. . . Still Not Bothered

I find the anger of the Republican rank and file toward President Bush for the Miers nomination quite interesting, and I greatly respect the opinions of my fellow members of the Reform Club. I have been quite critical of President Bush on this site, from the right of course, especially as regards his economic policies. I think that I have been the most critical of the Reform Clubbers by far, toward this president. Perhaps this is why I have not reacted with such horror at the Miers nomination: My expectations of this president have evidently been not nearly as high, and hence my disappointment is minimal. To me, the nomination remains a practical question: Will Miers make a strict-constructionist majority on the Court? And to me the answer is yes.

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7 thoughts on “. . . Still Not Bothered

  1. Come on, where’s the love. I think if all we conservatives have a big group hug and drink some hot chocolate we’ll all feel better. And one day we’ll get some fire breathing, powerfully orating proud originalist with a long paper trail nominated to the court and we’ll all be able to sing kumbaya. Until them I’m with Sam.

  2. I’ve held out of the Miers discussion until now. It appears to me that most in the anti-Miers crowd are upset for political reasons, not because of how she might vote.

    They are upset because of what the nomination looks like, as opposed to the nomination itself.

    I will wait until I see how she does in confirmation. Until then, I’ll have to be a bit pragmatic about it and side with “Karnick the Magnificent.”

  3. “It appears to me that most in the anti-Miers crowd are upset for political reasons, not because of how she might vote.”

    Jonah Goldberg had this to say about the “reliable vote” argument in the corner:

    “The more I think about it, the more I think there’s something inherently corrupt about the “she’s a reliable vote” argument. I’m not singling any reader, blogger or activist out because this argument tends to reside amidst a lot of other arguments and other rhetoric. At its core, the “reliable vote” argument suggests that that’s all that matters — a conservative vote. Without casting aspersions on others, that’s not good enough for me (and it may be grotesquely unfair to Miers). If all that’s required is a reliable vote, National Review and the Heritage Foundation have plenty of interns who will do just fine. As George Will writes this morning, Bush’s pick of Miers smacks of identity politics (a point several of us have made around here) and how it suggests that Bush sees the Court as a representative body. The reliable vote argument is imbedded in this view of the court. It says that arguments and due dilligence don’t matter. What matters is that “our side” gets its voice on the Court, period.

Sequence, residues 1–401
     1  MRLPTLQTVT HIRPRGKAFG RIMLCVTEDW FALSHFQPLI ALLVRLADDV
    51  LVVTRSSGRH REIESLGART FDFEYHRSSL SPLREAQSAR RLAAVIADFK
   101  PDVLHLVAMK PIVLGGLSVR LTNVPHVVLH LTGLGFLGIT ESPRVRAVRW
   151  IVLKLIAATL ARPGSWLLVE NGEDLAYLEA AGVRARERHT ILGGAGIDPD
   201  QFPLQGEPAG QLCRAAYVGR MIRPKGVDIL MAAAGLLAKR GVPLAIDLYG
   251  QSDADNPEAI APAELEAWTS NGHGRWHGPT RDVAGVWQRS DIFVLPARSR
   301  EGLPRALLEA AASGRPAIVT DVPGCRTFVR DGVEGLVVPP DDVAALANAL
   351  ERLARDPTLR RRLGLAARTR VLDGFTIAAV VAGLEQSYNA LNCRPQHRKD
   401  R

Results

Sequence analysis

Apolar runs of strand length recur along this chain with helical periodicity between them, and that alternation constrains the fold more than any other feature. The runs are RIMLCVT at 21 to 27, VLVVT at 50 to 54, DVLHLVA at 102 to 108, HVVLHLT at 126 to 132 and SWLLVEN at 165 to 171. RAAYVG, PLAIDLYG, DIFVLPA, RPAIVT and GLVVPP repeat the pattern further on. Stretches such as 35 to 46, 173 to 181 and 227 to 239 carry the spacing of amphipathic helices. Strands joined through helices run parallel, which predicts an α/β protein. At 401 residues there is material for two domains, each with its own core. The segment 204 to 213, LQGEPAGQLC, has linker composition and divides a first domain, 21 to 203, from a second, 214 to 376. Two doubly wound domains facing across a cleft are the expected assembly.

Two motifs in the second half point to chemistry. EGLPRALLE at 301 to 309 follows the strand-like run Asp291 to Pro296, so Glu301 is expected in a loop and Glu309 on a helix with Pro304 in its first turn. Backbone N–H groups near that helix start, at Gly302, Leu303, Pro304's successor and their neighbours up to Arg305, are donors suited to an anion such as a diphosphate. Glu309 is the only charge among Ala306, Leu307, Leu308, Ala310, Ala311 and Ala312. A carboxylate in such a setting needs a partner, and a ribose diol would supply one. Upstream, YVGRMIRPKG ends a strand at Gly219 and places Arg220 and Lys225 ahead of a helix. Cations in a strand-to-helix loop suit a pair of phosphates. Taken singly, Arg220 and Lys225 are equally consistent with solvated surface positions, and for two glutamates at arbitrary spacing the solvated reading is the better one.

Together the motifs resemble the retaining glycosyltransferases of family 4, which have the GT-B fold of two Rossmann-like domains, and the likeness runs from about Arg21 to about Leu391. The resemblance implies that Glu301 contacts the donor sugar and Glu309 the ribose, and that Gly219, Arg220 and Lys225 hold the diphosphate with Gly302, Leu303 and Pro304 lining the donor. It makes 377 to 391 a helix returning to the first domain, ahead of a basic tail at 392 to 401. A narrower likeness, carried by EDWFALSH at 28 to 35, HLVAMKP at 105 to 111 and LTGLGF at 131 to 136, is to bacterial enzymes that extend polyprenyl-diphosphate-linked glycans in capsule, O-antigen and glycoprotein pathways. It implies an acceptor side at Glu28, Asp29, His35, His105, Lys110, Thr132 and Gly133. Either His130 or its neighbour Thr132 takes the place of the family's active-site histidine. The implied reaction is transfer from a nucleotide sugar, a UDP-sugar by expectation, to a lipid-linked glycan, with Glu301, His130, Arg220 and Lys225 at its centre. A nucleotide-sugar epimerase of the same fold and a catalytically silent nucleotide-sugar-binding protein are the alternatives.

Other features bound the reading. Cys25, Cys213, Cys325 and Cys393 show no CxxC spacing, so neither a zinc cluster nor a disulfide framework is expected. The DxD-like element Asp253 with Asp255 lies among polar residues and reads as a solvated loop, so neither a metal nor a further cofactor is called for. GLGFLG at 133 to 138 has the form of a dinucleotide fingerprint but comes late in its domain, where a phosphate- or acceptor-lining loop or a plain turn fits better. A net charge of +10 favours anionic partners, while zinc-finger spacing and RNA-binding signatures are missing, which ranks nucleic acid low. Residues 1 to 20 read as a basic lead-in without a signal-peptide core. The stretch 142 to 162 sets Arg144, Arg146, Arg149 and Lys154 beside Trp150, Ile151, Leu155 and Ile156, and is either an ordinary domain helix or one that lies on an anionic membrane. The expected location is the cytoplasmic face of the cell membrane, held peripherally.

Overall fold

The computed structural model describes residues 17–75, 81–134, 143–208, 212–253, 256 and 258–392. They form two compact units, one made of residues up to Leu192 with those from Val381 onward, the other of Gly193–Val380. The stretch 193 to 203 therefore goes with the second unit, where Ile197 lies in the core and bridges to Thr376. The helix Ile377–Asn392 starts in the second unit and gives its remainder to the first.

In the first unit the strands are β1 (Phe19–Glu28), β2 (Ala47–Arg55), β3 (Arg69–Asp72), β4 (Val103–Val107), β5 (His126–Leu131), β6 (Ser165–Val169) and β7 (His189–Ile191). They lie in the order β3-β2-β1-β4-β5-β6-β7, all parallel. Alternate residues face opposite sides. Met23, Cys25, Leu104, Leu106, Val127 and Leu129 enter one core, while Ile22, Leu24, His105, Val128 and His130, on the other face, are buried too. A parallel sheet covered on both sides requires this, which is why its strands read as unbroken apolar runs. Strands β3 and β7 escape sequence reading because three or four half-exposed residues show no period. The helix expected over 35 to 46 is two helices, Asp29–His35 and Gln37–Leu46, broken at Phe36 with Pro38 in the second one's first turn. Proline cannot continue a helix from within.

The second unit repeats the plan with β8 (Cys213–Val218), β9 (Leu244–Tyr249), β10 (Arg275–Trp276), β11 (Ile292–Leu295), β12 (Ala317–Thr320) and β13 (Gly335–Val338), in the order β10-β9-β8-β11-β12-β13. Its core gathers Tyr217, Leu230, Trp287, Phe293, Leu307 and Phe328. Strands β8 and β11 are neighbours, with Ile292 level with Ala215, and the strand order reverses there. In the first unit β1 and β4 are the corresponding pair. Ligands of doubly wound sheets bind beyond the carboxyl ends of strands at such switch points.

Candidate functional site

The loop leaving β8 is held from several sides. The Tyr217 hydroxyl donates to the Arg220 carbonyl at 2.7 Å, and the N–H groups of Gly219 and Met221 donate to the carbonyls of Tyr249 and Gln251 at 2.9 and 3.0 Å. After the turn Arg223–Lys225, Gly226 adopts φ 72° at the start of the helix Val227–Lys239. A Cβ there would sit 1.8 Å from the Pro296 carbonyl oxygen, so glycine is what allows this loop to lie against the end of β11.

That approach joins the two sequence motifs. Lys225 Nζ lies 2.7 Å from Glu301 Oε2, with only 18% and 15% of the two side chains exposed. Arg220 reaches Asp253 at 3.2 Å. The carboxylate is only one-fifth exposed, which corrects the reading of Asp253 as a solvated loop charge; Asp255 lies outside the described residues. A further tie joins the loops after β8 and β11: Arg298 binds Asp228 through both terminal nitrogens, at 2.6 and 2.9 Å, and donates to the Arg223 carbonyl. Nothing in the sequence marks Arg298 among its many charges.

This sounds to me a bit like the “results-oriented conservatism” some on the web are touting in Miers’ defense. Who needs all that pointy-headed intellectual stuff if at the end of the day she votes the same way? (I assume some of these people defended Clarence Thomas against the charge that he’s Scalia’s sidekick. But why bother if the vote is all that matters?) Conservatives, I thought, were supposed to believe ideas have consequences, that American institutions — chief among them the Supreme Court and the Constitution — have specific and organic roles to play in the culture which depend on intellectual honesty, opposition to cant, and a dispassionate rejection of the politicization of the law. The reliable vote argument — absent other rationales — runs counter to all of these. This becomes obvious when you imagine a Democratic President appointing a confidante with few obvious credentials for the Supreme Court. A president Kerry could hardly convince any of us that his pick should be confirmed because she’s a reliable vote.

    This is not to say I am against reliable votes on the court, but the reason why they are reliable is to me vitally important. Scalia and Thomas are fairly reliable votes because they have a grounding in philosophy and an intellectual consistency that even their greatest critics respect (at least in the case of Scalia; Thomas still gets unfair treatment). Miers may have these qualities too. There’s simply little to no evidence that she does at this point. I for one hope she reveals herself as a grander intellect than her detracters claim she is. I hope she reveals herself to be more than a reliable vote.”

    something to think about

  4. I’m with Tlaloc and Goldberg against the “reliable vote” argument.

    But isn’t the head of the Texas Bar Association a sign of significant achievement in law? Does it only count if you show up in Washington and argue before the Supremes?

  5. I’m also against the reliable vote. Goldberg is right. I almost posted his remarks yesterday. As I’ve said before, there is a way to deal with lifetime appointments to the top court and this is NOT it.

  6. But isn’t the head of the Texas Bar Association a sign of significant achievement in law?

    No. It’s a sign of significant achievement in a particular brand of low-level political gladhanding and bureaucratic fiefdom construction. Her work with the TBA is a negative, in my book. A lawyer with the kind of intellectual rigor and curiosity I want to see on the bench would have viewed it as a colossal waste of time.

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